NEW YORK CITY — You can't tell people what to buy anymore.

Now you have to go beyond product pitches and memorable jingles to engage and excite them: You actually have to take the time to build digital relationships with them by turning your marketing messages into marketing experiences.

That was the somewhat daunting, yet actionable message from James McQuivey, VP and principal analyst at Forrester Research during his morning keynote at Ad Age Digital Conference at Pier 36 in Lower Manhattan today.

Hyperadoption and Disruption

In a presentation that explored how consumers are moving from attention to intention to adoption faster than ever before, McQuivey acknowledged that the balance of power in advertising and marketing has shifted from companies to consumers.

But he also maintained that smart CMOs would recognize this as an opportunity to create unique digital relationships with their customers by capitalizing on two things: consumer hyperadoption and digital disruption.

Forrester defines hyperadoption, a concept it introduced last year, as rapid and simultaneous uptake of new behaviors. People are changing behaviors faster now than they did in the past — if they even changed them at all back then.

They're doing so in part because of digital disruption, which is reducing the costs to bring new ideas and products to market.

Relationships Matter

There are an ever-growing number of new products, services and experiences available to consumers — and lower costs and convenient access are making it both easy and low risk to try them.

That rapidly changing, expanding universe is broadening customer choices, changing traditional customer journeys and challenging marketers to refine the ways they reach customers.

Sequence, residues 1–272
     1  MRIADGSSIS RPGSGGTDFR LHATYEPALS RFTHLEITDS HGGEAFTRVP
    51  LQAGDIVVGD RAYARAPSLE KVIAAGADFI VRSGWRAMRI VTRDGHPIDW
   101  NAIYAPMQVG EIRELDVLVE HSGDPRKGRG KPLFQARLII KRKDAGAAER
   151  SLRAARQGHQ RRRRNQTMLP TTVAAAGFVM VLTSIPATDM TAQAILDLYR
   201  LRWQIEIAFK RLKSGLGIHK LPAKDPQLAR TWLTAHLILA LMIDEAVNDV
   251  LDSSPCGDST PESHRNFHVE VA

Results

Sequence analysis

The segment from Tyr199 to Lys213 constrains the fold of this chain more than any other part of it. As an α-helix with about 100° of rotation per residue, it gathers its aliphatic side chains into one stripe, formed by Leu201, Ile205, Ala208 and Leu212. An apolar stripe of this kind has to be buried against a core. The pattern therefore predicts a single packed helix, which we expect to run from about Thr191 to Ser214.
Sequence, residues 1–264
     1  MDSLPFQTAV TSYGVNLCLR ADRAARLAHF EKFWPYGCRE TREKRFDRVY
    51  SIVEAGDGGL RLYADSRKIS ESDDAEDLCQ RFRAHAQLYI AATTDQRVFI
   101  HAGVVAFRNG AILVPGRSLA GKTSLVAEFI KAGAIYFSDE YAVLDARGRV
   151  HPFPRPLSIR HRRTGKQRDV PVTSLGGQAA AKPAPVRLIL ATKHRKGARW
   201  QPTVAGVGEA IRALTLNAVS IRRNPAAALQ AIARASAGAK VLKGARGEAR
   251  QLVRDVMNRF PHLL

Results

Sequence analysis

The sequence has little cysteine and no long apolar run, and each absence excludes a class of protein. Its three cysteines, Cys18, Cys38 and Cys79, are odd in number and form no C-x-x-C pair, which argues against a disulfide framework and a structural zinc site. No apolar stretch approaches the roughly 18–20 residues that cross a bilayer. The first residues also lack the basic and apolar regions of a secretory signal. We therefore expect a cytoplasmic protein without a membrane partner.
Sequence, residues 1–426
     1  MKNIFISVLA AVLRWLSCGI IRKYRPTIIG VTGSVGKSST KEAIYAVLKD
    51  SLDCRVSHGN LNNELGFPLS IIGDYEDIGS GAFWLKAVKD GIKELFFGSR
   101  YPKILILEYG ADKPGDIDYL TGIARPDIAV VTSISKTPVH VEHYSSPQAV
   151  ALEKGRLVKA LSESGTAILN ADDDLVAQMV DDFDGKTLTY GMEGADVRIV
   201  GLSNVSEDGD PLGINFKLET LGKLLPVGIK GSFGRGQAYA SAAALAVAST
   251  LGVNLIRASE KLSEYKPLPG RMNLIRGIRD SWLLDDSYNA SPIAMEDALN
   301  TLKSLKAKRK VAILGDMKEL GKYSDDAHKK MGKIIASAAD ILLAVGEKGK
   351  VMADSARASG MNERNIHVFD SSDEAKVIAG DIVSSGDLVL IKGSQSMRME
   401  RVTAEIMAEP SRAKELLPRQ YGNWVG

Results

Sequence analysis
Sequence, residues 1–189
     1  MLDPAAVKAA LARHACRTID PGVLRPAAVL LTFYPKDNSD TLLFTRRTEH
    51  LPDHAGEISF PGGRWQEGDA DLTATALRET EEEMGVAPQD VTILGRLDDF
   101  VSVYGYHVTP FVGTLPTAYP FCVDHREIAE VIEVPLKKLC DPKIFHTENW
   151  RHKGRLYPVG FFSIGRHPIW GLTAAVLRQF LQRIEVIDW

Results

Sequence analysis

It’s not customer outcomes that matter anymore, McQuivey said. "Now it's all about creating customer relationships," he said.

Addressing Customer Needs

In the Age of the Customer, "marketing must become an integrated part of the relationship, not an isolated function." He added that marketing leaders should:

  • Make customer outcomes the heart of marketing, but understand the deeper implications of CX
  • Turn marketing messages into marketing experiences
  • Remind everyone the real purpose of big data is to better understand and more agilely serve the customer

McQuivey said the future of marketing lies in data's ability to influence the relationships between brands and customers, and added that the best way to relate to customers is through real-time data.

Marketers have to understand their customers, not just speak to them but actually know who they are, he explained. And knowing who they are happens through real time digital connection to the customer.

Now in its 10th year, the Ad Age Digital Conference continues tomorrow with a keynote on improving customer experience through innovation and presentations from speakers including Marc Pritchard, Chief Brand Officer of Procter & Gamble.

Title image by Asa Aarons Smith